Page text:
- Biodiversity hotspots are a method to identify those regions of the world where attention is needed to address biodiversity loss and to guide investments in conservation.
- The idea was first developed by Norman Myers in 1988 to identify tropical forest ‘hotspots’ characterized both by exceptional levels of plant endemism and serious habitat loss, which he then expanded to a more global scope.
- Conservation International adopted Myers’ hotspots as its institutional blueprint in 1989, and in 1999, the organization undertook an extensive global review which introduced quantitative thresholds for the designation of biodiversity hotspots.
- A reworking of the hotspots analysis in 2004 resulted in the system in place today.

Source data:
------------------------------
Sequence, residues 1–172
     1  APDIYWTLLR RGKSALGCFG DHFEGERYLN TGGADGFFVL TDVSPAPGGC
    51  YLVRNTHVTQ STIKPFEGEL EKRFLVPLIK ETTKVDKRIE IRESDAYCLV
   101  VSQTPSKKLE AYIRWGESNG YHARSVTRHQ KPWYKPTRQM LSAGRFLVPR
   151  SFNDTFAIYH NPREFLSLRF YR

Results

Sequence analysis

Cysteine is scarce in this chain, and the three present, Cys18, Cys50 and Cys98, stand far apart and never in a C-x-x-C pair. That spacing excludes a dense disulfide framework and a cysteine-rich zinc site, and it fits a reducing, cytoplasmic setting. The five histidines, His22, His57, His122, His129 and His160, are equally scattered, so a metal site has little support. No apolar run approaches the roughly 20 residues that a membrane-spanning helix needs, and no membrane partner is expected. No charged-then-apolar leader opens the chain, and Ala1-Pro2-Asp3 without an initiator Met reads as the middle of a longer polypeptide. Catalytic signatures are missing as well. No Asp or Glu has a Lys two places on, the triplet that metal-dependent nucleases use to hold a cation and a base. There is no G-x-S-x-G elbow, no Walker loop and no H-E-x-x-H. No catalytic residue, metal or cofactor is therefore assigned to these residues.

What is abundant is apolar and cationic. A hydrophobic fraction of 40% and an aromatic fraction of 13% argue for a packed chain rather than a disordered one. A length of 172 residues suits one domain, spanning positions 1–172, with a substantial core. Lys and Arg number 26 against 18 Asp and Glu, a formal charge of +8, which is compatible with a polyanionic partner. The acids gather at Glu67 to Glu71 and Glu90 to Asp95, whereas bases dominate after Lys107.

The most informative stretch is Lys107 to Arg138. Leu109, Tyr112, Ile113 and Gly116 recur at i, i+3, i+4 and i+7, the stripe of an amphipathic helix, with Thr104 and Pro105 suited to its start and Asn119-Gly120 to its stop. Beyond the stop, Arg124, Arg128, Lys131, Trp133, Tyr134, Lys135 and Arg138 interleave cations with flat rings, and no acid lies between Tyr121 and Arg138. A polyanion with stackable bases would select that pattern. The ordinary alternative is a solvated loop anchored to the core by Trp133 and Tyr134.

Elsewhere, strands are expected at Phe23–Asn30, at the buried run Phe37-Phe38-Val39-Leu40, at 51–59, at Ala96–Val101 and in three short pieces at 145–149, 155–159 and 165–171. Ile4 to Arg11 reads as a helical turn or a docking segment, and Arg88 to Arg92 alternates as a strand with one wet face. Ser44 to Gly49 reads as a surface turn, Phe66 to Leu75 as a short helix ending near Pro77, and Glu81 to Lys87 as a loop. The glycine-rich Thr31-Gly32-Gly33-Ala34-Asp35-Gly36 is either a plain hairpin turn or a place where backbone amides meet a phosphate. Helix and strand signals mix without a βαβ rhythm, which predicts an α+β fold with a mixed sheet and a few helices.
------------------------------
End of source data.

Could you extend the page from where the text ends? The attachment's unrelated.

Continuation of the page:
To qualify as a biodiversity hotspot, a region must meet two strict criteria:
- It must have at least 1,500 vascular plants as endemics — which is to say, it must have a high percentage of plant life found nowhere else on the planet. A hotspot, in other words, is irreplaceable.
- It must have 30% or less of its original natural vegetation. In other words, it must be threatened or lost more than 70% its primary vegetation.
- Around the world, 35 areas qualify as hotspots.
- They represent just 2.3% of Earth’s land surface, but they support more than half of the world’s plant species as endemics — i.e., species found no place else — and nearly 43% of bird, mammal, reptile and amphibian
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